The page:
Bocks should generally be sweet and malty. A Maibock specifically should be no darker than amber and be kind of strong—6-8% ABV. This beer busted the formula—a lot darker and more like 4%. But this made it so good—unpretentious, toothsome, slammable.
I’d just gone long on a couple of brews (Nonfungible, Nothingburger) so this felt like the inspiration I needed. I was going to make this one a straight-down-the-fairway knockoff until Hal suggested I spike it with roasted pineapple. An intriguing and unexpected idea; his logic was that he gets a lot of pineapple out of this kind of beer, so why not punch it up a bit?
I’ve been playing with sous vide a lot lately and I decided to do him one better—I mixed some dark brown sugar into the pineapple and sous vided it for a day at 170° F. This wouldn’t scorch the pineapple, so it would cut down both on caramelization and the risk that I scorched something into an unappetizing mess. On the other hand, it would break down the pineapple through sheer duration, and pasteurize it to eliminate the risk of infection. When done, the pineapple was appealingly brown and squishy with a lot of juice, perfect to dump into secondary fermentation.
The brew day itself ended up being a bit freewheeling; my usual mail order supplier, Northern Brewer, had been running behind on deliveries as late so I trekked to the homebrew shop in Woodland Hills to get the ingredients that put this brew at the front of the queue. They didn’t have exactly the ingredients I had specified in the recipe—but by two years in on my brewing adventure I have the confidence to make substitutions that will result in the effect I’m going for. This was unexpectedly liberating!
I’m really happy with this beer. It embodies the core equities from the Maicrobock inspiration: malty, sweet, not overly alcoholic. The pineapple plays with the malt in fascinating ways. If you think “pineapple” as you drink it, it’s obvious, but to me it registers more as an acidy freshness that brightens up the ale without making it register as a weird tropical hybrid. I’ve served this to a lot of people already and it goes down very easy.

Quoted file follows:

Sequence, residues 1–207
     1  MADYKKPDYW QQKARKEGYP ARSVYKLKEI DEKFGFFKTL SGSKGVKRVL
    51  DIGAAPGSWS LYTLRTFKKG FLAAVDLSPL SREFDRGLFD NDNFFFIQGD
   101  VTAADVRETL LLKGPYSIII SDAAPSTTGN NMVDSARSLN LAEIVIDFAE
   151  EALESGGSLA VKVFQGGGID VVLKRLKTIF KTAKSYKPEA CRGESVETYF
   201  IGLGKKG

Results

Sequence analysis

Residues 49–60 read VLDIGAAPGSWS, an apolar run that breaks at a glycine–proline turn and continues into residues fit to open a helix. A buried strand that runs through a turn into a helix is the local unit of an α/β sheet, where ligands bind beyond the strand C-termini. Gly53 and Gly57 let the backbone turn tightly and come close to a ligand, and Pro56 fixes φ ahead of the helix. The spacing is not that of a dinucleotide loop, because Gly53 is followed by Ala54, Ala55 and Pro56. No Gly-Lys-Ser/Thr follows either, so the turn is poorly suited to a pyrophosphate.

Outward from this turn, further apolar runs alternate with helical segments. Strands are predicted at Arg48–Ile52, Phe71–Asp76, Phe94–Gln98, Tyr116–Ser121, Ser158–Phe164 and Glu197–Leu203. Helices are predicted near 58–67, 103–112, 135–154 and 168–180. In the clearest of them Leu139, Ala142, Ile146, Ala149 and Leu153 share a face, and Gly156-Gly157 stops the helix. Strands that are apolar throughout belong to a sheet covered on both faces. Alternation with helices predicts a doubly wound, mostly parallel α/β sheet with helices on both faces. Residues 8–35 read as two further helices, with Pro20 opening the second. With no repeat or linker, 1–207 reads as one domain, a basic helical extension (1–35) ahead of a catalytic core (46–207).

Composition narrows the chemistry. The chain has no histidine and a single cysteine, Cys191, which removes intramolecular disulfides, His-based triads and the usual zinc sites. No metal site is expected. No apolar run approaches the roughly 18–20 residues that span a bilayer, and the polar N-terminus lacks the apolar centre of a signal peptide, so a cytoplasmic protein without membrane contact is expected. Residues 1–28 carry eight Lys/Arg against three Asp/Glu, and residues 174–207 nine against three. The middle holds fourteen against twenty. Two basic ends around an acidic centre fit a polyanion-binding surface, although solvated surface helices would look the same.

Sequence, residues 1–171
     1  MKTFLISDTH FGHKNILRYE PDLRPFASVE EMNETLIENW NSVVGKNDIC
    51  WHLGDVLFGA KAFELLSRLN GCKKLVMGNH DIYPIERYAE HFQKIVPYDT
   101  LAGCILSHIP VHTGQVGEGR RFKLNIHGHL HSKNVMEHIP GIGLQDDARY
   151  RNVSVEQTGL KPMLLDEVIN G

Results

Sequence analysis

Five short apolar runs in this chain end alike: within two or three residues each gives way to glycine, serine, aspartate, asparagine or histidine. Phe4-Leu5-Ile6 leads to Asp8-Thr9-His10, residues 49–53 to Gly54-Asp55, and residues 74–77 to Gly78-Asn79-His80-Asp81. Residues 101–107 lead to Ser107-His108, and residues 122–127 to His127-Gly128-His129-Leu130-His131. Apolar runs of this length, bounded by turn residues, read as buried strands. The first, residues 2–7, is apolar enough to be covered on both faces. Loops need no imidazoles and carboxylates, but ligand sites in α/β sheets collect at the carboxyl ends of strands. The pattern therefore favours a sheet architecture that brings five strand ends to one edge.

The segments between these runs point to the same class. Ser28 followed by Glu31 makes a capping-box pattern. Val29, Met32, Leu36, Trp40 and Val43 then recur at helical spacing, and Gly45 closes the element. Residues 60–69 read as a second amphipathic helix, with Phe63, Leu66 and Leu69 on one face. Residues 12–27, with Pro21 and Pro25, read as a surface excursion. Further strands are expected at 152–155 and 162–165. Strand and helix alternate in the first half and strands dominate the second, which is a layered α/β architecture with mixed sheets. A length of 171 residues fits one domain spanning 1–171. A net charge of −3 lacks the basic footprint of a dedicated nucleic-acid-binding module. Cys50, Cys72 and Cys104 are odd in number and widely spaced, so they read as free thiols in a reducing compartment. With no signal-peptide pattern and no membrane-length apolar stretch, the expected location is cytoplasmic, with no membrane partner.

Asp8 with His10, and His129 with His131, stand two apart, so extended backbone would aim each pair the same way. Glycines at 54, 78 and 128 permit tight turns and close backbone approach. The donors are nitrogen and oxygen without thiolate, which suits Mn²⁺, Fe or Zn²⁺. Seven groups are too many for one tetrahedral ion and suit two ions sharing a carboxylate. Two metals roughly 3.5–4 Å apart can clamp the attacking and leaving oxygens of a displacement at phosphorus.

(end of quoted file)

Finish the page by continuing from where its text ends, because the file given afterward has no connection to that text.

As for the name: spam calls are a modern-day scourge. When I’m busy, I don’t bother to answer my phone any more; when I’m bored, I’ve been known to engage “Bill Smith” from the IRS on the line for 40 minutes while he helpfully cancels my social security number and asks me to put all my money into gift cards for his safekeeping. These enterprising souls needed some kind of tribute, and it came in the form of this unpretentious Maibock.
I imagined one such scammer surrounded by a maze of antiquated technology—dot-matrix printers, computer tape drives, 300-baud modems—and Kevgusar from Indonesia returned to do a brilliant job of imagining him even further into the future, at a time when his scams have started to bear less fruit.
Growing up on KZEL classic rock radio in Eugene, I felt so edgy buying my first new wave album in 1986. My misconception—Elvis Costello is one of music’s foremost classicists.
On the other hand, the music press was crapping all over Blood & Chocolate. Costello had released King of America earlier that year and couldn’t figure out what was going on with this reversion back to garage rock. Their misconception—this album totally slaps. I will allow that printing all of the album credits in Esperanto was a little confusing.